Implicit in both of the above, and explicitly not addressed in the book, is the reality that all organizations — be they government or private sector and including non-profit — are corrupt to the bone. Their leaders are focused on what benefits the leaders, not the ctizens, tax-payers, stake-holders, etcetera. I certainly agree with Lawrence Lessig that “the” fatal threat to humanity is CORRUPTION, and I have set for myself the task of further PUBLIC INTELLIGENCE IN THE PUBLIC INTEREST.
I particularly reject the carbon tax, mercury and sulfer are much more dangerous, and the last thing we need is another derivatives scheme. Please note that my praise for the book is denoted by the five star ranking and my strong recommendation that it be bought, read, and shared. By virtue of my need to also focus on what is not in the book, my critical comments may seem inconsistent with the grade but they are not — they augment this excellent work rather than diminish it.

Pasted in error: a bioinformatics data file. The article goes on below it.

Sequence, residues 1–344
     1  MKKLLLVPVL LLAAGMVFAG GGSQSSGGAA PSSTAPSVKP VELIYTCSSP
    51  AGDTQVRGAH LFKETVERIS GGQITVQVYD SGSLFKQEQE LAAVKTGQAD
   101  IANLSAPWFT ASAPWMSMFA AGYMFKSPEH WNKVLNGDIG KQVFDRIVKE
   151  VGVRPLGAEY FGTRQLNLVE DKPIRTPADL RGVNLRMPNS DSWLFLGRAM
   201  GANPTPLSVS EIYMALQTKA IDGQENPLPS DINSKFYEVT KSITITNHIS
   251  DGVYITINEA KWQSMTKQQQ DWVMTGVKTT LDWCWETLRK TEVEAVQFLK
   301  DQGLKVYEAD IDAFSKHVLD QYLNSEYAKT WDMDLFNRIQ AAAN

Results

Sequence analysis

Now to the details.
+ New measures and meanings of progress
+ Limits on material and energy consumption, waste production, plus conservation of natural lands
+ A staple population and labor force
+ A more efficient capital stock
+ More durable, repairable products
+ Better pricing including a carbon tax [NO -- just make TRUE COST pricing available at point of sale]
+ Shorter work week and more leisure time
+ Reduced inequality
+ Fewer status goods
+ More informative and less deceptive advertising [NO -- END all advertising]
+ Better screening of technology [NO -- UNLEASH all technologies now locked up for the wrong reasons]
+ More local and less global trade of goods and services [YES -- resilience at the local level]
+ Education for life, not just for work [YES, free for life as well]
The authors then go on to discuss eleven things we have too much of, and how to reduce them:
01 Throughput [use only what will renew, create no waste that will not recycle]
02 People [educate the women, make population limitation a national cultural priority]